• CHAPTER 1: INTRODUCTION
    Introduction to the Problem
    Background of the Study
    Statement of the Problem
    Purpose of the Proposed Study
    Research Questions
    Rationale for the Proposed Study
    Relevance of the Proposed Study
    Significance of the Proposed Study
    Theoretical Framework
    Nature of the Study
    Definition of Terms
    Assumptions and Limitations

  • CHAPTER 2: LITERATURE REVIEW
    Introduction to the Literature Review
    Theoretical Orientation for the Proposed Study
    Review of Research Literature and Methodological Literature

  • CHAPTER 3. METHODOLOGY
    Purpose of the Proposed Study
    Problem Statement
    Research Questions
    Research Design
    Target Population, Sampling Method and Related Procedures
    Setting
    Recruitment
    Instrumentation
    Operationalization of Variables
    Data Collection
    Field Testing/Pilot Testing
    Data Analysis Procedures
    Internal Validity
    External Validity
    Expected Findings
    Ethical Issues
    Conclusion
    References

  • Target Population, Sampling Method and Related Procedure

  • Target Population- In one sentence, describe the population from which you will select your sample.Is this a vulnerable population?

  • Sampling Method -
    There are many methods of sampling when doing research. This guide can help you choose which method to use. Simple random sampling is the ideal, but researchers seldom have the luxury of time or money to access the whole population, so many compromises often have to be made.

    Probability methods
    This is the best overall group of methods to use as you can subsequently use the most powerful statistical analyses on the results.

    Method/Best used when
    Simple random sampling [Whole population is available.]
    Stratified sampling (random within target groups) [There are specific sub-groups to investigate (eg. demographic groupings).]
    Systematic sampling (every nth person) [When a stream of representative people are available (eg. in the street).]
    Cluster sampling (all in limited groups) [When population groups are separated and access to all is difficult, eg. in many distant cities.]

    Quota methods
    For a particular analysis and valid results, you can determine the number of people you need to sample. In particular when you are studying a number of groups and when sub-groups are small, then you will need equivalent numbers to enable equivalent analysis and conclusions.

    Method/Best used when
    Quota sampling (get only as many as you need) [You have access to a wide population, including sub-groups]
    Proportionate quota sampling (in proportion to population sub-groups) [You know the population distribution across groups, and when normal sampling may not give enough in minority groups]
    Non-proportionate quota sampling (minimum number from each sub-group) [There is likely to a wide variation in the studied characteristic within minority groups]

    Selective methods
    Sometimes your study leads you to target particular groups.

    Method/Best used when
    Purposive sampling (based on intent) [You are studying particular groups]
    Expert sampling (seeking ‘experts’) [You want expert opinion]
    Snowball sampling (ask for recommendations) [You seek similar subjects (eg. young drinkers])
    Modal instance sampling (focus on ‘typical’ people) [When sought ‘typical’ opinion may get lost in a wider study, and when you are able to identify the ‘typical’ group]
    Diversity sampling (deliberately seeking variation) [You are specifically seeking differences, eg. to identify sub-groups or potential conflicts]

    Convenience methods
    Good sampling is time-consuming and expensive. Not all experimenters have the time or funds to use more accurate methods. There is a price, of course, in the potential limited validity of results.

    Method/Best used when
    Snowball sampling (ask for recommendations) [You are ethically and socially able to ask and seek similar subjects.]
    Convenience sampling (use who’s available) [You cannot proactively seek out subjects.]
    Judgment sampling (guess a good-enough sample) [You are expert and there is no other choice.]

    Ethnographic methods
    When doing field-based observations, it is often impossible to intrude into the lives of people you are studying. Samples must thus be surreptitious and may be based more on who is available and willing to participate in any interviews or studies.

    Method/Best used when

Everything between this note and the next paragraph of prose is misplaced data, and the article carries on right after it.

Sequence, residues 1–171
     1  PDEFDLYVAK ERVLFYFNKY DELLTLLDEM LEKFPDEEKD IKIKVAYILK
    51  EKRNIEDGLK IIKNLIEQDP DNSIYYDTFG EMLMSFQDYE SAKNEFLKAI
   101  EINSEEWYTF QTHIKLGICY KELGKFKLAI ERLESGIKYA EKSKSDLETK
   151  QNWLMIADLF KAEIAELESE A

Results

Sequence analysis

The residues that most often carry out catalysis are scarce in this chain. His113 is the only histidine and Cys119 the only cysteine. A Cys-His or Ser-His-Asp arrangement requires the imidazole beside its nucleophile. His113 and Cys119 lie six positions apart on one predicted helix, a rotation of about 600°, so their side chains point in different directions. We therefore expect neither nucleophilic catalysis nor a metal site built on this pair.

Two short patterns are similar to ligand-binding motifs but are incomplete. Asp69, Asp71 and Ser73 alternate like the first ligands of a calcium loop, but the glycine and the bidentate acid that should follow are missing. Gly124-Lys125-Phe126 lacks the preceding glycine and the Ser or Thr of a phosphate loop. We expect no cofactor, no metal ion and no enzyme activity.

Selective sampling (gut feel) [Focus is needed in particular group, location, subject, etc.]
    Theoretical sampling (testing a theory) [Theories are emerging and focused sampling may help clarify these.]
    Convenience sampling (use who’s available) [You cannot proactively seek out subjects.]
    Judgment sampling (guess a good-enough sample) [You are expert and there is no other choice.]

  • Sample Size- What is the expected sample size needed? How do you know (what method did you apply to arrive at your sample size? http://www.surveysystem.com/sscalc.htm, https://www.qualtrics.com/blog/determining-sample-size/, https://www.surveymonkey.com/mp/sample-size-calculator/, http://fluidsurveys.com/survey-sample-size-calculator/, etc.)

  • Expected Site- Describe the site(s) from which you expect to draw your sample.

  • Site Permission- Who is authorized to provide permission to use this site? Does the site have an IRB? What do you need to do to obtain permission?

    Additional Information
    Is there anything else you want your Instructor to know about your proposed study? If so, include that here.

    {"cards":[{"_id":"6a95119a8d2d9ba1bf000056","treeId":"6a9511418d2d9ba1bf000054","seq":7807865,"position":1,"parentId":null,"content":"**CHAPTER 1: INTRODUCTION**\nIntroduction to the Problem\nBackground of the Study\nStatement of the Problem\nPurpose of the Proposed Study\nResearch Questions\t\nRationale for the Proposed Study\nRelevance of the Proposed Study\t\nSignificance of the Proposed Study\nTheoretical Framework\t\nNature of the Study\t\nDefinition of Terms\t\nAssumptions and Limitations"},{"_id":"6ddeebcd0fe6562fca00001f","treeId":"6a9511418d2d9ba1bf000054","seq":8311845,"position":2,"parentId":"6a95119a8d2d9ba1bf000056","content":""},{"_id":"6a95194e8d2d9ba1bf000059","treeId":"6a9511418d2d9ba1bf000054","seq":7807864,"position":2,"parentId":null,"content":"**CHAPTER 2: LITERATURE REVIEW**\t\nIntroduction to the Literature Review\t\nTheoretical Orientation for the Proposed Study\t\nReview of Research Literature and Methodological Literature\t"},{"_id":"6a9519d88d2d9ba1bf00005a","treeId":"6a9511418d2d9ba1bf000054","seq":7807888,"position":2.5,"parentId":null,"content":"**CHAPTER 3. METHODOLOGY**\nPurpose of the Proposed Study\t\nProblem Statement\t\nResearch Questions\t\nResearch Design\t\nTarget Population, Sampling Method and Related Procedures\t\t\nSetting\t\nRecruitment\t\nInstrumentation\t\nOperationalization of Variables\t\nData Collection\t\nField Testing/Pilot Testing\t\nData Analysis Procedures\t\nInternal Validity\t\nExternal Validity\t\nExpected Findings\t\nEthical Issues\t\nConclusion\t\nReferences"},{"_id":"6a951bbd8d2d9ba1bf00005b","treeId":"6a9511418d2d9ba1bf000054","seq":7807891,"position":0.5,"parentId":"6a9519d88d2d9ba1bf00005a","content":"*Target Population, Sampling Method and Related Procedure*"},{"_id":"6a951c658d2d9ba1bf00005c","treeId":"6a9511418d2d9ba1bf000054","seq":7807919,"position":1,"parentId":"6a951bbd8d2d9ba1bf00005b","content":"**Target Population**- In one sentence, describe the population from which you will select your sample.Is this a vulnerable population? "},{"_id":"6ab090a5ed98f0258b0000ac","treeId":"6a9511418d2d9ba1bf000054","seq":7808343,"position":2,"parentId":"6a951bbd8d2d9ba1bf00005b","content":"**Sampling Method** - \nThere are many methods of sampling when doing research. This guide can help you choose which method to use. Simple random sampling is the ideal, but researchers seldom have the luxury of time or money to access the whole population, so many compromises often have to be made.\n\n**Probability methods**\nThis is the best overall group of methods to use as you can subsequently use the most powerful statistical analyses on the results.\n \n*Method/Best used when*\nSimple random sampling\t[Whole population is available.]\nStratified sampling (random within target groups) [There are specific sub-groups to investigate (eg. demographic groupings).]\nSystematic sampling (every nth person)\t[When a stream of representative people are available (eg. in the street).]\nCluster sampling (all in limited groups) [When population groups are separated and access to all is difficult, eg. in many distant cities.]\n \n\n**Quota methods**\nFor a particular analysis and valid results, you can determine the number of people you need to sample. In particular when you are studying a number of groups and when sub-groups are small, then you will need equivalent numbers to enable equivalent analysis and conclusions.\n\n*Method/Best used when*\nQuota sampling (get only as many as you need)\t[You have access to a wide population, including sub-groups]\nProportionate quota sampling (in proportion to population sub-groups)\t[You know the population distribution across groups, and when normal sampling may not give enough in minority groups]\nNon-proportionate quota sampling (minimum number from each sub-group)\t[There is likely to a wide variation in the studied characteristic within minority groups]\n \n\n**Selective methods**\nSometimes your study leads you to target particular groups.\n\n*Method/Best used when*\nPurposive sampling (based on intent)\t[You are studying particular groups]\nExpert sampling (seeking 'experts')\t[You want expert opinion]\nSnowball sampling (ask for recommendations)\t[You seek similar subjects (eg. young drinkers])\nModal instance sampling (focus on 'typical' people)\t[When sought 'typical' opinion may get lost in a wider study, and when you are able to identify the 'typical' group]\nDiversity sampling (deliberately seeking variation)\t[You are specifically seeking differences, eg. to identify sub-groups or potential conflicts]\n \n\n**Convenience methods**\nGood sampling is time-consuming and expensive. Not all experimenters have the time or funds to use more accurate methods. There is a price, of course, in the potential limited validity of results.\n\n*Method/Best used when*\nSnowball sampling (ask for recommendations)\t[You are ethically and socially able to ask and seek similar subjects.]\nConvenience sampling (use who's available)\t[You cannot proactively seek out subjects.]\nJudgment sampling (guess a good-enough sample)\t[You are expert and there is no other choice.]\n \n\n**Ethnographic methods**\nWhen doing field-based observations, it is often impossible to intrude into the lives of people you are studying. Samples must thus be surreptitious and may be based more on who is available and willing to participate in any interviews or studies.\n\n*Method/Best used when*\nSelective sampling (gut feel)\t[Focus is needed in particular group, location, subject, etc.]\nTheoretical sampling (testing a theory)\t[Theories are emerging and focused sampling may help clarify these.]\nConvenience sampling (use who's available)\t[You cannot proactively seek out subjects.]\nJudgment sampling (guess a good-enough sample)\t[You are expert and there is no other choice.]\n"},{"_id":"6ab0914ced98f0258b0000ad","treeId":"6a9511418d2d9ba1bf000054","seq":7807925,"position":3,"parentId":"6a951bbd8d2d9ba1bf00005b","content":"**Sample Size**- What is the expected sample size needed? How do you know (what method did you apply to arrive at your sample size? http://www.surveysystem.com/sscalc.htm, https://www.qualtrics.com/blog/determining-sample-size/, https://www.surveymonkey.com/mp/sample-size-calculator/, http://fluidsurveys.com/survey-sample-size-calculator/, etc.)\n\n"},{"_id":"6ab091d7ed98f0258b0000ae","treeId":"6a9511418d2d9ba1bf000054","seq":7807928,"position":4,"parentId":"6a951bbd8d2d9ba1bf00005b","content":"**Expected Site**- Describe the site(s) from which you expect to draw your sample.\n\n"},{"_id":"6ab09235ed98f0258b0000af","treeId":"6a9511418d2d9ba1bf000054","seq":7807932,"position":5,"parentId":"6a951bbd8d2d9ba1bf00005b","content":"**Site Permission**- Who is authorized to provide permission to use this site? Does the site have an IRB? What do you need to do to obtain permission?\n\n*Additional Information*\nIs there anything else you want your Instructor to know about your proposed study? If so, include that here. "}],"tree":{"_id":"6a9511418d2d9ba1bf000054","name":"Thesis Proposal Outline","publicUrl":"thesis-proposal-worksheet-outline"}}